After UNC students swarmed Franklin Street last month, UNC and Chapel Hill are working on plans to avoid history repeating itself with the UNC-Duke men’s basketball game Saturday night.
There will be as many as 30 UNC-PD officers available that night, with UNC opening its Emergency Operations Center at the time of the game, UNC Police Chief David Perry said at a Campus Safety Commission meeting Wednesday.
Perry said 12 officers will be stationed at each the Dean E. Smith Center, Columbia Street and Cameron Avenue area.
“We are hopeful that upon a victory — because we do want a victory — that community members and students will adhere to our requests,” he said at the meeting. “If not, and there’s a street occurrence, (Chapel Hill Police Chief Chris Blue) and I have assured our leaders that we’ll do our best to restore traffic and normalcy to that area as quickly as possible.”
According to UNC Media Relations, The University is working closely with the Town of Chapel Hill and the Orange County Health Department to encourage safe watching, and UNC police will provide support to Chapel Hill police on Saturday night.
At the time of publication, the Town of Chapel Hill has not provided additional details about law enforcement preparations for this Saturday’s game — including the protocol, staffing numbers or confirmation of plans for crowd containment.
In an email, Victoria Hudson, the Orange County director of environmental health, said she was unaware of any community spread impacts from the February rush — however, she said, this is not an excuse to lose vigilance.
“Community transmission and vaccination trends are moving in the right direction,” Hudson wrote. “The recent Executive Order eased some restrictions on businesses. We have to stay vigilant to eliminate any actions that could lead to negative impacts at this time.”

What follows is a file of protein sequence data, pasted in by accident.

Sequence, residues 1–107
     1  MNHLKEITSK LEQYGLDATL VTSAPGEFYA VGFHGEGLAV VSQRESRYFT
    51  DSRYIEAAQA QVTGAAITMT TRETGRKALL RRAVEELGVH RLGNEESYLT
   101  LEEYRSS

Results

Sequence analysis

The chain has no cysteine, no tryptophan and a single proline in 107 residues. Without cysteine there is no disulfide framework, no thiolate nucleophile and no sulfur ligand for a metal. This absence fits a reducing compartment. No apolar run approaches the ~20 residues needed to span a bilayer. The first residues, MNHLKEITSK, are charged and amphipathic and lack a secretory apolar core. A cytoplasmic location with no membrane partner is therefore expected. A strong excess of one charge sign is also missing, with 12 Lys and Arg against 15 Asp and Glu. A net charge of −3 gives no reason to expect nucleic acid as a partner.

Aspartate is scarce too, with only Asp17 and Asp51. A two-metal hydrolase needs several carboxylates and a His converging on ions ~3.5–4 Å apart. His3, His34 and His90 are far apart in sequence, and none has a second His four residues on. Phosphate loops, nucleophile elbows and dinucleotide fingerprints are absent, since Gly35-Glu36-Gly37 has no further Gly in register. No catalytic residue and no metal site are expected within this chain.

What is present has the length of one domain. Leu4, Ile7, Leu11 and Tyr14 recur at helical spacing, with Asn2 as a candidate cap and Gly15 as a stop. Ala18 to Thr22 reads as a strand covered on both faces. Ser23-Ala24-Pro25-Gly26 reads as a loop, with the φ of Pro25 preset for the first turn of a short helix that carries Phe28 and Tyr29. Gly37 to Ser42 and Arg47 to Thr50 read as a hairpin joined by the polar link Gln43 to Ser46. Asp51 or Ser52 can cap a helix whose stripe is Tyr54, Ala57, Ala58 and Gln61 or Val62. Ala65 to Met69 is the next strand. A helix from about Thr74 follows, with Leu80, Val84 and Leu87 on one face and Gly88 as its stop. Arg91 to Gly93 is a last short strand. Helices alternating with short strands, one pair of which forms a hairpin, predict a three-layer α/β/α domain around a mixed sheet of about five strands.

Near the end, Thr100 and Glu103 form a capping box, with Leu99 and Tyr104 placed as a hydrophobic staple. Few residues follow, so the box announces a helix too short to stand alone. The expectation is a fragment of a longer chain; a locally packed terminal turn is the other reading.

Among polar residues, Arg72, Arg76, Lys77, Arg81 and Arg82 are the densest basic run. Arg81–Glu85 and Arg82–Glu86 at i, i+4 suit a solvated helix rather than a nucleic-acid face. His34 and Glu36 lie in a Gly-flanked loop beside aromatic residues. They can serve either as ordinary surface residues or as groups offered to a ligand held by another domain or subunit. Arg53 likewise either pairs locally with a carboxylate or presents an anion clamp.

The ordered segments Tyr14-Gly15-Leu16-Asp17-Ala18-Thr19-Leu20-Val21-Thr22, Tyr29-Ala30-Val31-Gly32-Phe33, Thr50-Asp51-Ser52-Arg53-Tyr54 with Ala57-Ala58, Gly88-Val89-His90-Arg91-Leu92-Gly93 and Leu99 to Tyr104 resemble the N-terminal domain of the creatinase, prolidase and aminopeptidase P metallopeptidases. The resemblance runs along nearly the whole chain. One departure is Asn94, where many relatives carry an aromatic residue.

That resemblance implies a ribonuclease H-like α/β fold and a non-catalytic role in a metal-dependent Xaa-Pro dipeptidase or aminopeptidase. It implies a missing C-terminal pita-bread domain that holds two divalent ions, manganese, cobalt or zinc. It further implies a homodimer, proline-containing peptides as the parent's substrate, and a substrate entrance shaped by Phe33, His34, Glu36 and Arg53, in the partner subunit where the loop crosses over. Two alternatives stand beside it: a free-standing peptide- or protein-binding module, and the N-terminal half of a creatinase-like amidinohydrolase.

UNC Police’s officer count for Saturday is a major increase from that of the last Franklin Street rush, in which UNC Media Relations said two officers were deployed to Columbia Street at the request of Chapel Hill Police.
Emails obtained by The Daily Tar Heel indicate that UNC Police did not expect students to rush last month.
“...the number of students on campus is very low (@ 3200) and with no parties supposedly being held due to the Executive Order and the University, numbers that could possibly show up for a post game win would be very low,” Sgt. Keith Ellington, special event coordinator at UNC Police, wrote in an email to Perry a week before the game.
Last month, crowds dispersed after about 35 minutes at the Columbia Street intersection. At one point, hundreds of students crowd surfed a mattress, leaving foam littered on the ground.
Rachel Reynolds, a first-year psychology student, said she was scared to walk around her residence hall because she knew of people who had been reported for COVID-19 community standards following the rush.
“I’m more hopeful that something like that won’t happen again,” Reynolds said.
Vice Chancellor for Student Affairs Amy Johnson said in a statement that The Office of Student Conduct received more than 300 referrals after the incident.
If the student is found to have violated the community standards, depending on the severity of the violation, consequences could include:
- A warning
- Restrictions on access facilities
- Loss of campus privileges
- Removal from housing
In an effort to avoid another incident similar to February's, the University has posted and sent messages encouraging students to watch the game safely. UNC is also offering some alternatives to rushing Franklin Street:
- The UNC Athletic Department and Residence Hall Association will host a virtual watch party on Saturday at 5:30 p.m. Students can RSVP to attend here.
- The Carolina Athletics Association and the Carolina Union Activities Board will host a virtual trivia night leading up to the game at 6 p.m. Students can RSVP to attend here.
The Town of Chapel Hill is sending out similar messages to students and fans.
Ran Northam, interim communications manager for the Town of Chapel Hill, said the Town will focus on educating businesses and patrons alike about state- and county-level COVID-19 standards as the weekend approaches.
“Our main focus is trying to communicate ahead of the event and educate the community on our goals and our expectations,” Northam said. “We’re trying to keep things virtual, while still supporting downtown, and doing so early to avoid the crowd that could be in place that evening, working with the downtown partnership and downtown businesses to make sure that they're aware of the adjusted regulations.”
The Town Of Chapel Hill has encouraged residents interested in celebrating the game to:
- Visit downtown businesses early, opting to eat meals before 6 p.m. to avoid crowds.
- Take celebratory Franklin and Columbia streets photos hours before tip-off.
- Set up virtual watch parties with friends to keep a safe social distance.
University reporter Charlotte Geier contributed reporting.
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